Adaptor Mode results when someone uses neither top nor bottom brain system in optional ways. People thinking in this mode are not absorbed in formulating new plans and don’t spend much time trying to understand their experiences in depth. However, they can use both brain systems effectively when others formulate a complex or detailed plan or define how to interpret objects and events. As such they can be good team members.

You can take a test in our book, and online at, to determine your own dominant mode.

In presenting our Theory of Cognitive Modes, we welcome scrutiny from the scientific community. As we write in the Preface, “Why Another Brain Book?”:

“We intend this book to be accessible to the general reader, but we also hope that it will influence the scientific community. Since neuroimaging burst on the scene in the mid-1980s, many studies of the mind and brain have become noticeably less theory-oriented. Although neuroimaging is a valuable tool in modern neuroscience, it is not always used effectively. Many researchers now simply ask people to perform a cognitive task (such as playing chess or thinking about a particular topic) while their brains are being scanned — and then see which parts of the brain become activated. [We should note that in some cases the scientists also want to provide evidence for a distinction, such as between different ways of thinking.] This approach is radically different from the traditional one, in which the researcher tests specific theories. The traditional approach is important because science makes progress by devising increasingly better theories, and thus it is essential that theories be developed and evaluated. In this book, we seek to return to the hypothesis-driven tradition by proposing a new, plausible, and coherent theory that is strongly rooted in empirical findings.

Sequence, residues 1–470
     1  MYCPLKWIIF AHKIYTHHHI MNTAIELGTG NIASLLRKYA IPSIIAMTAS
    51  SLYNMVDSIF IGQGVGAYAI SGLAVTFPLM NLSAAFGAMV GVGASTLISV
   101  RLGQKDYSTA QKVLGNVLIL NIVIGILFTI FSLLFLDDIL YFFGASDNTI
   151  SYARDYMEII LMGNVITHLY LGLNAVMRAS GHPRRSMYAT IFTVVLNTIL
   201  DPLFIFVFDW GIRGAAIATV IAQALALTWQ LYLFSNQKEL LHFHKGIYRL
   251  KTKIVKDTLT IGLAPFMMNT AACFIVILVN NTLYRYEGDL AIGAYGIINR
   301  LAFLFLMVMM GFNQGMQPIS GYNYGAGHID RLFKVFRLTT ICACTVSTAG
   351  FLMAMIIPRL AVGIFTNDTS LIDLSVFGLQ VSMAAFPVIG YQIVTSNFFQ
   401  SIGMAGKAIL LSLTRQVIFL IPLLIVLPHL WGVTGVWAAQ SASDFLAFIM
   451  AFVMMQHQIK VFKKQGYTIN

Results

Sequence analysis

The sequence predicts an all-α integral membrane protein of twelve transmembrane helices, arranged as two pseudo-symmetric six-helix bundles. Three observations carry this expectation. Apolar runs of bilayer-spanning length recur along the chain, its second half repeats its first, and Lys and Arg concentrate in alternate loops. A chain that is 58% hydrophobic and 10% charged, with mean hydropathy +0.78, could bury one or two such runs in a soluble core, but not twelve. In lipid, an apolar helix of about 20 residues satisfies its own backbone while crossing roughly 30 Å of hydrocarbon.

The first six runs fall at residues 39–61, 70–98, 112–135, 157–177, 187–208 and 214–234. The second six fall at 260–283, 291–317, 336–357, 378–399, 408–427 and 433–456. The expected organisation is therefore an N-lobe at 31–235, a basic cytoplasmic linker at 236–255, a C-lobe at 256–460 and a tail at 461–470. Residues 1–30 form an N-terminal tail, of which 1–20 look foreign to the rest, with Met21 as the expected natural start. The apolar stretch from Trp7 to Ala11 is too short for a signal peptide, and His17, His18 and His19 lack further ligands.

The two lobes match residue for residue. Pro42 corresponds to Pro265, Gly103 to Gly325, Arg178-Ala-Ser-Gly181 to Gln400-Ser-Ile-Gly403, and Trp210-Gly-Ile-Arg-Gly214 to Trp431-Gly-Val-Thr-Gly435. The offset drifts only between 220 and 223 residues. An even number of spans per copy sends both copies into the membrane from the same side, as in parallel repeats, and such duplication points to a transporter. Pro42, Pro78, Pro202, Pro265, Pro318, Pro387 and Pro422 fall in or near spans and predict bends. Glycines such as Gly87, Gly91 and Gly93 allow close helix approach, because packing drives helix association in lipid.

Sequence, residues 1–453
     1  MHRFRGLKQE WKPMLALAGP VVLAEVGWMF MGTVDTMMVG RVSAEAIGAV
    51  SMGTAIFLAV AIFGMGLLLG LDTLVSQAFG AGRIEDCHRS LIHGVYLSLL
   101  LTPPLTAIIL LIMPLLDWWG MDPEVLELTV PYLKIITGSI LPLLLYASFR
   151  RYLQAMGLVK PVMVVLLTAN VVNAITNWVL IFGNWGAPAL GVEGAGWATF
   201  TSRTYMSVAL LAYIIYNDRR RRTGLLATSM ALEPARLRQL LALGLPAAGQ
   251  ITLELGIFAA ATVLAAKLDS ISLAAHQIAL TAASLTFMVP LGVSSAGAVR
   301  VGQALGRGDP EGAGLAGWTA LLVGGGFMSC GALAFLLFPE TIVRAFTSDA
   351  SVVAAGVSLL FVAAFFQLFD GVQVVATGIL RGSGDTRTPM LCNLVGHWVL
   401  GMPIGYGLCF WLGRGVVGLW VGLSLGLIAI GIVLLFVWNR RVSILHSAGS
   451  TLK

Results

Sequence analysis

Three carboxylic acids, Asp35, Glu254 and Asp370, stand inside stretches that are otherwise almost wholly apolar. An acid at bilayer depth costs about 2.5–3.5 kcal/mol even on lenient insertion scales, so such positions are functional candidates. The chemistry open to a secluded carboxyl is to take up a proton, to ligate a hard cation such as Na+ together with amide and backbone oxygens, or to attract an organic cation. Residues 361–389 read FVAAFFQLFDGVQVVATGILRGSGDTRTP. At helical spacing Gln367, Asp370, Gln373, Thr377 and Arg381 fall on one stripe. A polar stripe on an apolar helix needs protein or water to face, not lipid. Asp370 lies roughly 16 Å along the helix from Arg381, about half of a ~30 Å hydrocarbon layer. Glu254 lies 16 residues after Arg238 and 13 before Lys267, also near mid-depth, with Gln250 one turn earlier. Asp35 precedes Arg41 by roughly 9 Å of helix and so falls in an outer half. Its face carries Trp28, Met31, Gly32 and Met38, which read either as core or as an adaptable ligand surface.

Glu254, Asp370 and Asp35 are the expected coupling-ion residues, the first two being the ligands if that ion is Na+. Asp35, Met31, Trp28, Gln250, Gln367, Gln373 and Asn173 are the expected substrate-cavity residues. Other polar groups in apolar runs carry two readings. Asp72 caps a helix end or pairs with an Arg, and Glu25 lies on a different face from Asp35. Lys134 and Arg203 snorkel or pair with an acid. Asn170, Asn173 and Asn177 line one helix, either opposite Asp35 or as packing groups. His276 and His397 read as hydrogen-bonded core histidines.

“We remind the reader at critical points that we are working with a theory, and that rigorous empirical tests of many key predictions have yet to be conducted. We hope that the reader will take the ideas we present as well-founded hypotheses that are worth considering, not as received truth. We also hope that this book will inspire a new round of studies that will further enrich our understanding of how the brain really works.”


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A. W. Woolley, J. R. Hackman, T. E. Jerde, C. F. Chabris, S. L. Bennett, and S. M. Kosslyn, “Using Brain-Based Measures to Compose Teams: How Individual Capabilities and Team Collaboration Strategies Jointly Shape Performance,” Social Neuroscience 2 (2007): 96–105.

Image via Luisma Tapia / Shutterstock.

G. Wayne Miller and Stephen M. Kosslyn, PhD

G. Wayne Miller is an author, filmmaker and Providence (R.I.) Journal staff writer. Visit him at Stephen M. Kosslyn, PhD, is a cognitive neuroscientist and was professor of psychology at Harvard University for over 30 years; he now serves as the founding dean of the Minerva Schools at the Keck Graduate Institute.